Technology

Facebook Blasted For Creepy Survey Asking About Child Grooming

facebook survey child grooming
geralt / Pixabay

Facebook is constantly polling its users and telling them how important their opinions are, but the social media firm seems to have gone overboard this time. Apparently, user opinions are so important to Facebook that it wanted to find out what people think about adult men soliciting teenagers for explicit photos. What makes this Facebook survey even creepier is that reporting such posts to law enforcement wasn’t even one of the suggestions.

Jonathan Haynes of The Guardian tweeted some images of the Facebook survey that was shown to him, including the answers that were available to choose. It was focused on various angles of child grooming, which is the unsavory practice of friending children or teens on social media and then building a relationship with them, generally with sexual abuse in mind.

Specifically, the Facebook survey wanted to know what users thought about “a private message in which an adult man asks a 14 year old [sic] girl for sexual pictures.” The company asked what users thought the rules for such content should be and offered options like making up its own rules, getting advice from experts outside the company, or letting users make the rules by voting on them.

Another question about child grooming seems to basically assume that people think they should be allowed to vote on the rules. The Facebook survey asks about how private messages from an adult man to a 14-year-old girl should be handled. One of the choices was to allow the content with this addition: “I would not mind seeing it.” Another option was to simply not allow the content and not let anyone see it. However, there was no choice to report child grooming posts to law enforcement.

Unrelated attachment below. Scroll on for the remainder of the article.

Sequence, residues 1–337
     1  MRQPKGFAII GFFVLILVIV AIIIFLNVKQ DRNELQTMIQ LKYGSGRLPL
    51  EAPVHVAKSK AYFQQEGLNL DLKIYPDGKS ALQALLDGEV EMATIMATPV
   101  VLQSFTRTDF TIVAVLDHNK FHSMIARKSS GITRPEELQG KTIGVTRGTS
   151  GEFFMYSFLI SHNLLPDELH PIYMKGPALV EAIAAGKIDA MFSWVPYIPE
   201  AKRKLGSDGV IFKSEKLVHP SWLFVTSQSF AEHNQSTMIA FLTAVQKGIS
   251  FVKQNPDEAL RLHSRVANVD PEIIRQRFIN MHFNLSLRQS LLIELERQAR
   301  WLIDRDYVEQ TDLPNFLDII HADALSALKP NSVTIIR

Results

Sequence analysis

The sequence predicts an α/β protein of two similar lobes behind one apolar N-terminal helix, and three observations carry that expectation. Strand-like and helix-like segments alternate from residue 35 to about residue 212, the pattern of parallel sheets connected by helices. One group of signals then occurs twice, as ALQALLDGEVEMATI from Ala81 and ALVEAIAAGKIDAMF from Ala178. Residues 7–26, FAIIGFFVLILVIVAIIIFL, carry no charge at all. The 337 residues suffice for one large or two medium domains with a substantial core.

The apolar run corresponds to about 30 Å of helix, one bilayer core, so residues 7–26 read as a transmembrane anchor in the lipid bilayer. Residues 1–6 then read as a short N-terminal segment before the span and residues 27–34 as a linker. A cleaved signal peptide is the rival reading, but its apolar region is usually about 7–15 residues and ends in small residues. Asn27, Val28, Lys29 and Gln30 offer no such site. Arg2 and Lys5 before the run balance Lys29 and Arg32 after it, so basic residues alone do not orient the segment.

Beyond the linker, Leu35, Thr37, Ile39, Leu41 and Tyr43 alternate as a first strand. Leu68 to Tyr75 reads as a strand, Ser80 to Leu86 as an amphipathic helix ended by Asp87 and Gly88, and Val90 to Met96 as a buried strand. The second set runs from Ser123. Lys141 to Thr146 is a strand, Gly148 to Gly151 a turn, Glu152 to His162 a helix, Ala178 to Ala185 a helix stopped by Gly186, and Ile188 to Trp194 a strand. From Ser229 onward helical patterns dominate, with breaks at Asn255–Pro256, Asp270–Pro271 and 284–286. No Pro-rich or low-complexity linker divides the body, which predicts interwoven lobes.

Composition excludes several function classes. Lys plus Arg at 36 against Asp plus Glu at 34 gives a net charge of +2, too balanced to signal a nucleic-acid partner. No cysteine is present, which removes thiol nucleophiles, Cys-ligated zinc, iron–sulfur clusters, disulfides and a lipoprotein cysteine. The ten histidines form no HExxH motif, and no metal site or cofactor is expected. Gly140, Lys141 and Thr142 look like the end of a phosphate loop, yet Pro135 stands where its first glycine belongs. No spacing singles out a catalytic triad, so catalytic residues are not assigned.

It’s important to note that messages like the one being described in the Facebook survey are generally illegal in the U.S. and many other parts of the world. In other words, the social media firm was basically asking users about whether it’s OK to make children vulnerable and whether child grooming should be accepted, even though it’s illegal.

A spokesperson for Facebook issued a statement to Business Insider that child grooming is indeed against the social network’s policies and that they have no plans to begin allowing such posts. Because of all the flak that has been received over the creepy Facebook survey, the company stopped showing it to users.

Lawmakers in the U.K. doled out a healthy rebuke over the survey as well. In a statement sent to The Times, Labour MP Yvette Cooper called the Facebook survey “stupid and irresponsible.” She noted that it’s illegal, “completely wrong and an appalling abuse and exploitation of children.” She also said that even sending out such a survey suggests to users that the company might one day allow it.

The Facebook survey on child grooming certainly raised a lot of eyebrows on its own, but it becomes even more concerning when thinking about the company’s Messenger Kids app. The social media firm rolled out a version of its messaging app specifically for children under the age of 13 late last year, and in January, child health advocates called for the app to be dumped.

The company claimed that tying the Messenger Kids app to the account of children’s parents provides enough safety, but advocacy groups called it “irresponsible” to target children with such an app. That makes this recent Facebook survey the second time the company’s behaviors and attitudes toward serving minors have been called “irresponsible.” One would also question what looks like an intent of getting children addicted to social media as early as possible.